UPDATE: I posted the results here: it sold on March 19, 2013 at Bonham’s London for £8,125 (inc. premium) or about $12,312.
Jane Austen will again make an appearance in the upcoming Bonham’s auction on March 19, 2013: a first Edition Emma – here are the details:
Lot 6: AUSTEN (JANE).
Emma, 3 vol., FIRST EDITION, half-titles in volumes 2 and 3, spotting, one gathering working loose and blank lower margin torn away from advertisement leaf at end of volume 3, one front free endpaper near detached, bookplate of “John Hawkshaw, Esq., Hollycombe”, contemporary half calf, gilt lettering on spines, headbands frayed (volume 2 with small loss at head and foot of backstrip) [Gilson A8; Keynes 8], 8vo, John Murray, 1816.
Estimate: £4,000 – 5,000; €4,600 – 5,800; US$ 6,100 – 7,700
Now this appears to be the same copy that did not sell at the Bonham’s November 13, 2012 auction where the estimates were substantially higher:
£6,000 – 8,000; €7,400 – 9,900; US$ 9,500 – 13,000
My interest lies in the bookplate of “John Hawkshaw, Esq., Hollycombe” – always curious to see where a book has been and where it heads, and who are the participants in the story; it is often hard to track this information accurately unless a written provenance accompanies the book. In this case it appears that all we have is this bookplate, and my research takes me thus, a very quick summary: [i.e how a whole afternoon can be spent tracing some stranger’s life and how it all can lead one down unimagined paths with only more extensive research to be undertaken …]
John Hawkshaw (1811 – 1891) was a British civil engineer from Yorkshire who was the chief engineer of a number of the railway lines in the Manchester area, later London, as well as responsible (some say the “saviour”) for the completion of the Suez Canal. He was knighted in 1873. He lived at Hollycombe, his country estate in Liphook, Hampshire, purchased from Charles William Taylor in 1866. (To add to the confusion, the book titled A History of the Castles, Mansions, and Manors of Western Sussex, by Dudley George Cary Elwes, and Charles John Robinson (London, 1876), notes two other properties purchased by Hawkshaw from Taylor, so more research needed here.]
Hollycombe today is privately owned, but the pleasure gardens, expanded by Hawkshaw and more fully landscaped by his son [more on him below] are open to visitors, as is the nearby Hollycombe Steam Museum.
Their London home was in Belgrave Mansions, St. John’s Wood High Street, close to Bond Street in the heart of the West End.
But did John Hawkshaw read his copy Jane Austen’s Emma, or was his bookplate just really an owner stamp, and the real reader in the house was his wife Ann Hawkshaw? (though it is nice to imagine them all reading it aloud.)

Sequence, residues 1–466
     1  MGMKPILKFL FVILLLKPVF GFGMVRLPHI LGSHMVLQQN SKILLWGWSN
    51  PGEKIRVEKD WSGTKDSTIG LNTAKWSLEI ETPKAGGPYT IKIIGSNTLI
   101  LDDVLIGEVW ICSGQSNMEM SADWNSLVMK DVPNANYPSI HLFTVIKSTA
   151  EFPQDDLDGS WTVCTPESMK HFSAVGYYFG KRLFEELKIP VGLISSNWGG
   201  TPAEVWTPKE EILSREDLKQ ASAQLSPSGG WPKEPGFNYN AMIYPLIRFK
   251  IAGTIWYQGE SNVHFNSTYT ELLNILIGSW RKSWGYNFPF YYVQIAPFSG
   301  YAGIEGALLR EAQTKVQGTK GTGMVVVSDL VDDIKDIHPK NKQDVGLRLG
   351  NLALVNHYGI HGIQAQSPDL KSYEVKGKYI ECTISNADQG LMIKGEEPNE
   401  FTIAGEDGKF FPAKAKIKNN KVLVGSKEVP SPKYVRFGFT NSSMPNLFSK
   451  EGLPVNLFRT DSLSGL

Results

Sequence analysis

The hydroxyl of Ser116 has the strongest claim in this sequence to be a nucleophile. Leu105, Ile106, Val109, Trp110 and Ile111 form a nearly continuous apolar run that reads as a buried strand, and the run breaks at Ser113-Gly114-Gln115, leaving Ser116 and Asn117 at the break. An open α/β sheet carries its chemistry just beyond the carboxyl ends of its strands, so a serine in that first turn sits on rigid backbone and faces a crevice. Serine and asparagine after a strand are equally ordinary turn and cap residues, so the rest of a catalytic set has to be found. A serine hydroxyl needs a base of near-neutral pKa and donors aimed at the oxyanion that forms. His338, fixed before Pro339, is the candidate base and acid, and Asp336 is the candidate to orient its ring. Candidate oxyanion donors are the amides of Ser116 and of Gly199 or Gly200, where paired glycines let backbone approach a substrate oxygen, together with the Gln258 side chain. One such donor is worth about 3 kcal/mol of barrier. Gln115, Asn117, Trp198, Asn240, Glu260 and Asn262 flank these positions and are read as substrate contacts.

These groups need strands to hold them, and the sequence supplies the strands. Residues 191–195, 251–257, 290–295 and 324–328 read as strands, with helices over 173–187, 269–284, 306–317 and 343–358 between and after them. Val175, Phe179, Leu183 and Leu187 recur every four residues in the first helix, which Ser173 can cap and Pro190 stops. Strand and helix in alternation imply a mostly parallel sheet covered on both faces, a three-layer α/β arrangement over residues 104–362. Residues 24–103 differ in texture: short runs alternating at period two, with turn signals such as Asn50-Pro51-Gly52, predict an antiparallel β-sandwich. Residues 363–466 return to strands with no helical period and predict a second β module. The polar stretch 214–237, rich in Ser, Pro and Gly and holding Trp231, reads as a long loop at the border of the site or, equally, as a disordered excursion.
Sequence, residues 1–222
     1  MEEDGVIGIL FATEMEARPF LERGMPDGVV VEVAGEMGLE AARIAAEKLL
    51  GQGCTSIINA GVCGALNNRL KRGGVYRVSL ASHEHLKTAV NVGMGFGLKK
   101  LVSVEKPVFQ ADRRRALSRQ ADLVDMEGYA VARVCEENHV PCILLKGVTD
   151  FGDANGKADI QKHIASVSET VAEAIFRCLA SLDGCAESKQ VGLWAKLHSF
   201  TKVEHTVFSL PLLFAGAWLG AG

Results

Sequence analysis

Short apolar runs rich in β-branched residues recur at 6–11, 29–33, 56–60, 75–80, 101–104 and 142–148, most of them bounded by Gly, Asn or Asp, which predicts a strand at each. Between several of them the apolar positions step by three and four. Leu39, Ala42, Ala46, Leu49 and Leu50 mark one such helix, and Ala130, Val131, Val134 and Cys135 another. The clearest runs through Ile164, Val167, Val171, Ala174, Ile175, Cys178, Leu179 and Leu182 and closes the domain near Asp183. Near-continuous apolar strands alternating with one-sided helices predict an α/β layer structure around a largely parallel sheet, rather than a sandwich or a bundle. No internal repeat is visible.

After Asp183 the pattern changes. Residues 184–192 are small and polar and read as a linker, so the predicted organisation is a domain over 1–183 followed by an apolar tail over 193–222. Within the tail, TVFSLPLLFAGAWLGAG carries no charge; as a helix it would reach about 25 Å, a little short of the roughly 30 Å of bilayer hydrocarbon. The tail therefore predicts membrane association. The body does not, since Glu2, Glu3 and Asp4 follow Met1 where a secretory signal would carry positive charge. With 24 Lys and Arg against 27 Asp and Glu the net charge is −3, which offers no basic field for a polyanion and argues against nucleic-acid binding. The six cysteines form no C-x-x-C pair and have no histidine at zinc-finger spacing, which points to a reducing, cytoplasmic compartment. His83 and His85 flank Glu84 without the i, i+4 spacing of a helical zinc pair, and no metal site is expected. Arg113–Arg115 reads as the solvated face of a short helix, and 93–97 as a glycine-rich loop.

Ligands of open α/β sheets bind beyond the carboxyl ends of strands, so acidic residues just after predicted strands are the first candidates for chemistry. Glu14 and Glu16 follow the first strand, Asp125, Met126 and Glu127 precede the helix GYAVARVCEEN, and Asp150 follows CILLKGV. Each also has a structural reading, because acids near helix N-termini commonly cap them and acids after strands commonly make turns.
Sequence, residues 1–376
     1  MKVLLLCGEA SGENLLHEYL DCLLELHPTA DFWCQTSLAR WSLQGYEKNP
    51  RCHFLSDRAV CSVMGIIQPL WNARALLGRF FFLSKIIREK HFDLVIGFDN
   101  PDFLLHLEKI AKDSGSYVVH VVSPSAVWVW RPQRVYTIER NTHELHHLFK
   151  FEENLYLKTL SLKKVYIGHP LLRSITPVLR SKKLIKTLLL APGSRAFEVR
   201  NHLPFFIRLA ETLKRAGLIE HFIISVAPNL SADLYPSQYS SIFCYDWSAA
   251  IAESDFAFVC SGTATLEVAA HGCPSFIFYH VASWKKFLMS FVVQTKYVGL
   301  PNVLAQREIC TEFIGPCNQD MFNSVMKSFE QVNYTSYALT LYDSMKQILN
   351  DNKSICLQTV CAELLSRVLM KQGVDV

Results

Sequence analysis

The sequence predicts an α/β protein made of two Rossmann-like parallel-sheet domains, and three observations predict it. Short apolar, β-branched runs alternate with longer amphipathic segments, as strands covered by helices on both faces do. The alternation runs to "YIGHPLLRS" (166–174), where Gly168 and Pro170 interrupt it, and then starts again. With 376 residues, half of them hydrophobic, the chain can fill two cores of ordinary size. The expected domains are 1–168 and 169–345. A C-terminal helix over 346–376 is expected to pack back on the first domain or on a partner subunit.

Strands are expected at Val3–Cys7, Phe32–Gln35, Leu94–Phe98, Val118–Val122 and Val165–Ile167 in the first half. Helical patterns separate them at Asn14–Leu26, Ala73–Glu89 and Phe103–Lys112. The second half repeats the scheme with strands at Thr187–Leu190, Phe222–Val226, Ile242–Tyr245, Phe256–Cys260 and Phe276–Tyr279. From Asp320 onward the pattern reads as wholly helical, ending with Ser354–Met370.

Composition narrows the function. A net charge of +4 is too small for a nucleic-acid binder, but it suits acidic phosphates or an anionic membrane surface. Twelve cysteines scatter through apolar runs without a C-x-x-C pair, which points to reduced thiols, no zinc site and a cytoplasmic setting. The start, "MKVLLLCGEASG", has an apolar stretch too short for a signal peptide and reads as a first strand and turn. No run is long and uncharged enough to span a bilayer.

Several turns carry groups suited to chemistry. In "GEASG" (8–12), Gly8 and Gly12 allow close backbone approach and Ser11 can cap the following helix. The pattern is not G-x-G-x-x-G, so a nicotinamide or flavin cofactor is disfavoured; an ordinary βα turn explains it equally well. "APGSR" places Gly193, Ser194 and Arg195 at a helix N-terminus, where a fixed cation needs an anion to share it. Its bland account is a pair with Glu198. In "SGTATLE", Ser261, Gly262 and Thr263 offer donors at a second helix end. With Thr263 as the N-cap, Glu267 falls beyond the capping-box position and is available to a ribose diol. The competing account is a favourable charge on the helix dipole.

Ann Hawkshaw (1812 – 1885) was an English poet. She published four volumes of poetry between 1842 and 1871. She married our John Hawkshaw in 1835 and they settled in Salford, near Manchester, where they mixed with the prominent thinkers of the day to include William and Elizabeth Gaskell. Her first volume of poetry ‘Dionysius the Areopagite’ with Other Poems was published in 1842, followed by Poems for My Children in 1847. Sonnets on Anglo-Saxon History was published in 1854, and retells the history of Britain up to the Norman Conquest.
The Hawkshaws had six children, the most well-known was John Clarke Hawkshaw (1841-1921), who like his father was a civil engineer. In 1865 he married Cicely Wedgwood (1837-1917), daughter of Francis Wedgwood (1800-1880), grandson of Josiah Wedgwood, founder of the famed pottery firm. Francis’s sister Emma Wedgwood (1808-1896) married her cousin Charles Darwin (they were first cousins: Wedgwood’s daughter Susannah was Darwin’s mother). Emma was therefore Cicely’s Aunt and we can find this letter penned to her in the online Darwin Correspondence Project:
Hollycombe. | Liphook. | Hants.
Dear Aunt Emma
I am afraid it is too late to notice about the baby’s tears with any accuracy for I have repeatedly seen her eyes full of tears already but can give no nearer date than that I must have seen them so before she was 3 weeks old; about the tears overflowing onto her cheeks I can observe as I have never seen it happen yet, indeed it hardly happens in what one may call babydom does it?
We are having such a nice holiday here and as all the tiresome shooting is over I have Clarke to myself and we ride and walk about and don’t feel such strangers to the place as we did and the idle thoughtless life is doing Clarke good I am thankful to say.
Believe me dear Aunt Emma | Your affecte niece | Cicely M Hawkshaw
9th Feb. 
So from this letter we know that John Clarke Hawkshaw was known as Clarke and that he was able to get away to the family home and enjoy some “idle thoughtless life”! [images of Downton Abbey!]
Such a dizzying trip from a simple bookplate in a first edition of Jane Austen! – we have encountered various British luminaries ranging from railroad and canal engineers, to literary and Unitarian connections in Manchester, to country estates in Hampshire [Jane’s own territory], to the Wedgwood Potteries of London, and ending with Evolution, all in one family’s connections. It is comforting to think that this copy of Emma was read, enjoyed and discussed, and passed along to succeeding generations of this great family! I wonder where it will end up come March 19th? … stay tuned!